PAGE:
4 A confirmationist turn

The Velikovsky case provides a clue to a useful development of the realist’s success-to-truth inference. In the previous section I dismissed the Velikovsky case on the grounds that the prediction is not risky enough to merit a realist commitment (even though it is novel). However, although perhaps the prediction is not very risky, it is risky to an extent. Indeed, in general, there are all possible degrees of riskiness of prediction, with corresponding degrees of significance for the realist. But how can the realist’s success-to-truth inference accommodate such degrees of significance?

The realism debate is so often conducted in stark black and white terms when it comes to realist commitment: under what circumstances should/shouldn’t we make a realist commitment? At what degree of success have we ‘crossed a threshold’ such that a realist commitment is warranted?16 These questions would make no sense to a Bayesian. The obvious answer to the Velikovsky case is to incorporate degrees of belief into the account.17 Velikovsky’s prediction is not very risky, but, when it turns out to be successful, that is still a confirmation of Velikovsky’s theory that cannot be completely dismissed. And it is precisely such an emphasis on confirmation that will enable the realist to answer some of the most serious historical challenges.18

There are various theories of confirmation the realist could tap into. My goal here is not to decide between them; just for the purposes of illustration I will discuss how the realist could draw on Bayesian confirmation theory. As is well known, according to this account belief in (the approximate truth of) a theory T is not a black-and-white affair, but rather one has a degree of belief in T. And one updates that degree of belief in accordance with the usual formula, interpreting probabilities as degrees of belief. However, in the context of the present discussion the realist of course wants to talk about working parts of theories, and not simply theories. Thus I swap the usual ‘T’ for ‘W’ in the Bayesian formula, where ‘W’ stands for ‘the working parts of T’:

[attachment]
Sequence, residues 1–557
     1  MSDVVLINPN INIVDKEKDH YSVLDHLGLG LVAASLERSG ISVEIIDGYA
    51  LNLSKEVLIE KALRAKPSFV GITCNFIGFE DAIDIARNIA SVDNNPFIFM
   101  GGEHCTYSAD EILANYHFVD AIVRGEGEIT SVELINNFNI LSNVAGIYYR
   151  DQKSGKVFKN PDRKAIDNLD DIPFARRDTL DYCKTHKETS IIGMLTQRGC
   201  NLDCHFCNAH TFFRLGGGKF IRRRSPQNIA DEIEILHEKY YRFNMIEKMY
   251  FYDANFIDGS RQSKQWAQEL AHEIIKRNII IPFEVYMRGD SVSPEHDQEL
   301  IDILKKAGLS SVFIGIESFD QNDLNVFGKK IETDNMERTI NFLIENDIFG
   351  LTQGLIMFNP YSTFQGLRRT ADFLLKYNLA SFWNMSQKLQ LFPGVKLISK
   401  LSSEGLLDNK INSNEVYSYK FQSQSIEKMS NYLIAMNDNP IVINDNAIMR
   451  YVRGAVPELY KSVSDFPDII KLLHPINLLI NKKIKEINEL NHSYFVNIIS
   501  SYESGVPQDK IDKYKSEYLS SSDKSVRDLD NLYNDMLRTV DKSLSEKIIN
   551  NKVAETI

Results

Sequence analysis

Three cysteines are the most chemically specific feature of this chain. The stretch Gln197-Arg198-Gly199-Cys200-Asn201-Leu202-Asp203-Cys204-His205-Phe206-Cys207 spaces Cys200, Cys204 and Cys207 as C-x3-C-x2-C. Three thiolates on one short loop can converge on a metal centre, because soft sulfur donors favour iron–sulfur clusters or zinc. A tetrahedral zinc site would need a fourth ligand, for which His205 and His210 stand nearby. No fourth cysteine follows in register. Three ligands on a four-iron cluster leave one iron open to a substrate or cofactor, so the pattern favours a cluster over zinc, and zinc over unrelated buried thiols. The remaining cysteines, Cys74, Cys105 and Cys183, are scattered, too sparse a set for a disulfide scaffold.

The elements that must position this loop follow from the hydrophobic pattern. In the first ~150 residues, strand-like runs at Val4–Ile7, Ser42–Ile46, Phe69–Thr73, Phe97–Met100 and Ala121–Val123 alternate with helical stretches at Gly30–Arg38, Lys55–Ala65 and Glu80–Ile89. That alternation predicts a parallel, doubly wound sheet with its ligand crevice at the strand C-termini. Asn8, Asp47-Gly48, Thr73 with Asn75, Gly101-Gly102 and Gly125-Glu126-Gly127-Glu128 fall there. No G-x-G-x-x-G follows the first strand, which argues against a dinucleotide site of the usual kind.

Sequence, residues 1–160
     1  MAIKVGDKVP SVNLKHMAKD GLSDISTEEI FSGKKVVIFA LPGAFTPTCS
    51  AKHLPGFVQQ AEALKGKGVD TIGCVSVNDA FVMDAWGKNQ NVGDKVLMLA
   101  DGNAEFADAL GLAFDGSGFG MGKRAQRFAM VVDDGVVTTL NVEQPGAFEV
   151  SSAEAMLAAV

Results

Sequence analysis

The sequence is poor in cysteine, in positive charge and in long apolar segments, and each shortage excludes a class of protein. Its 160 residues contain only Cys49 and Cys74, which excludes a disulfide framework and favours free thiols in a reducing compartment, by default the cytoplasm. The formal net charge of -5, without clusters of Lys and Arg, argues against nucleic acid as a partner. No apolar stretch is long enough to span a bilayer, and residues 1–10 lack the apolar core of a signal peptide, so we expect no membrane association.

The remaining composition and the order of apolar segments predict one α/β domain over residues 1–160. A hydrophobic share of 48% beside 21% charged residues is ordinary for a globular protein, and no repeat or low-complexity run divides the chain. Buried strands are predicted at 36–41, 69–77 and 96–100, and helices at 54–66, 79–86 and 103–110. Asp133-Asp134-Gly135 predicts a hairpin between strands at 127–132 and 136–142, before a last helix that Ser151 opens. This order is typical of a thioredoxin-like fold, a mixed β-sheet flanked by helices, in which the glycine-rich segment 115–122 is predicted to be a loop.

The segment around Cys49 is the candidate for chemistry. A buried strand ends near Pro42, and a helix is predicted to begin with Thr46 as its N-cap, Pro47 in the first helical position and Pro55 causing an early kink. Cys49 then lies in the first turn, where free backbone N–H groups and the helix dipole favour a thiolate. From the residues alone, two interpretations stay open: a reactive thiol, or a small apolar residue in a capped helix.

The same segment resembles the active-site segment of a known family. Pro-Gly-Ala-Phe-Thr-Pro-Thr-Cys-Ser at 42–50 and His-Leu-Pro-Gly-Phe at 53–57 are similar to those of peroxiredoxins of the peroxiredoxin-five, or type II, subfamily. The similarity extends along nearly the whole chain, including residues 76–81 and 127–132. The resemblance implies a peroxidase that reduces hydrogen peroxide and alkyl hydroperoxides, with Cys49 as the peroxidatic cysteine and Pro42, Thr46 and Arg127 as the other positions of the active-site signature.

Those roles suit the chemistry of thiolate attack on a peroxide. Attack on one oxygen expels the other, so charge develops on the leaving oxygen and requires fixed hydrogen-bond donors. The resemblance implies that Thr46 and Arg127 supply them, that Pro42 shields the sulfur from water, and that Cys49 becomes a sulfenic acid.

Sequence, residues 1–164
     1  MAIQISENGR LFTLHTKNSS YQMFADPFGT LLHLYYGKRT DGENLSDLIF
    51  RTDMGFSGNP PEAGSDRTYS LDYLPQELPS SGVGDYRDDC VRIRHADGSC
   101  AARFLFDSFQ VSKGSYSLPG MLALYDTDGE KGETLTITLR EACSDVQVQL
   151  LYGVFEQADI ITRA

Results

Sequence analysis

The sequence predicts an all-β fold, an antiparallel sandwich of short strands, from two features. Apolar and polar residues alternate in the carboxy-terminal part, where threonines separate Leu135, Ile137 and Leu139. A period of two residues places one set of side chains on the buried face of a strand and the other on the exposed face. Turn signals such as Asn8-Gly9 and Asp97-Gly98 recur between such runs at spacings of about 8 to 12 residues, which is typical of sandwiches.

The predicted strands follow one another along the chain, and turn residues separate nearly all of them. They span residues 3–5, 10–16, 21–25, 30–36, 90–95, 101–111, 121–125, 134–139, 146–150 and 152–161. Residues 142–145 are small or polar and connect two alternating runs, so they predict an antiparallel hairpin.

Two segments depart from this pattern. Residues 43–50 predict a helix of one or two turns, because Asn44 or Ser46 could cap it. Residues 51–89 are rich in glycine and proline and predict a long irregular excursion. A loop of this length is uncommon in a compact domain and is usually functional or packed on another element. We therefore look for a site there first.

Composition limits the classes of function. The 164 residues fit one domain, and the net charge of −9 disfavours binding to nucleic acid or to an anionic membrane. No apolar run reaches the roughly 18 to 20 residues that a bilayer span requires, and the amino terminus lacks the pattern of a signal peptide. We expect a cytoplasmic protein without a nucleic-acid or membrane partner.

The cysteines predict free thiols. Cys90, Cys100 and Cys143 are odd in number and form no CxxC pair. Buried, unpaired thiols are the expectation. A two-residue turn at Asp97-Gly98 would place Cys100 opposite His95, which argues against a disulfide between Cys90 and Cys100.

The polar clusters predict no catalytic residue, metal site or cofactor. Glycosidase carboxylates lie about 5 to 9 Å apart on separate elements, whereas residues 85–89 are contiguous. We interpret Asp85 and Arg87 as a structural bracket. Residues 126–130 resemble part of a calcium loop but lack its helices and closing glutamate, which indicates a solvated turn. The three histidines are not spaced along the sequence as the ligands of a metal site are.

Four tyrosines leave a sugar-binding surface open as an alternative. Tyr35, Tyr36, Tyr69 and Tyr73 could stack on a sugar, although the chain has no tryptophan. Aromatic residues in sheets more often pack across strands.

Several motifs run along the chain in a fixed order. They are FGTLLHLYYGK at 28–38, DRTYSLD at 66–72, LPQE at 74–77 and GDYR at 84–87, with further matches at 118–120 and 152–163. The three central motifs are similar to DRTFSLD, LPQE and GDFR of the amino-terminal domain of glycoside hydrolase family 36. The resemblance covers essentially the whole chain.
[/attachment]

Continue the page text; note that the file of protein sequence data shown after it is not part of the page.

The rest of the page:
$$\begin{aligned} P(W|E)=\frac{P(E|W)P(W)}{P(E)}=\frac{P(E|W)P(W)}{P(E|W)P(W)+P(E|\lnot W)P(\lnot W)} \end{aligned}$$
Putting to one side some potentially awkward questions (see next section) this formula can be a very useful tool for a realist. In particular the realist can make use of the fact that our degree of belief should increase very significantly only when P(E) is small. In other words, we increase our degree of belief significantly only when the empirical result in question would be deemed (highly) unlikely were the working parts in question false: \(P(E|\lnot W)\) is small.19 But in the case of Velikovsky’s prediction that the surface temperature of Venus would be ‘hot’, the probability of this being correct in the event that Velikovsky’s working hypotheses are false is not very small. Just to illustrate, suppose we put this probability at 0.45: on balance we don’t expect the surface to be hot, but it’s pretty 50:50 as we don’t have much evidence either way.20 And our initial degree of belief in the working parts is 0.2 (we are initially quite sceptical of the relevant hypotheses). Further, the result is not entailed by Velikovsky’s theory, so suppose we put P(E|W) equal to 0.8. Crunching the numbers, our degree of belief increases from 0.2 to only 0.31. In other words the realist accepts that in this case our degree of belief should increase, but that the increase falls short of warranting any success-to-truth inference. Instead this modest success entails a modest increase in one’s degree of belief.21
What does the realist’s success-to-truth inference now look like? Consider the following as a ‘first try’:

One should believe the working parts of a theory to be approximately true just when one’s degree of belief in them becomes very high, and one’s degree of belief should be proportioned to the evidence in the following way: whenever a theory achieves novel predictive success, one’s degree of belief should increase to the degree that the prediction is risky (the empirical result predicted has a low prior probability).22

This leaves out the issue of whether the theory actually entails the empirical result in question: P(E|T) in the Bayes formula. But I assume for the time being that we’re talking about cases where this is equal to 1 (the theory entails the prediction), or where it is at least very high.

Dramatically, this new take on the success-to-truth inference still doesn’t answer the contemporary challenge from the history of science as it stands. Prima facie (at least) the cases of Kirchhoff’s theory of diffraction, Sommerfeld’s theory of the hydrogen fine structure, and Dirac’s prediction of the positron, all turn out to be cases where one’s degree of belief should increase very dramatically following the predictive success. In other words, the prior probability of the relevant empirical result is very low (e.g. because the prediction is to several significant figures) and, according to the noted criteria, this means that one’s degree of belief should become high enough for us to describe one’s commitment as plain belief. In other words, one comes to believe that the theory’s working posits are approximately true. But in these cases that would be a mistake, at least for most accounts of ‘working’.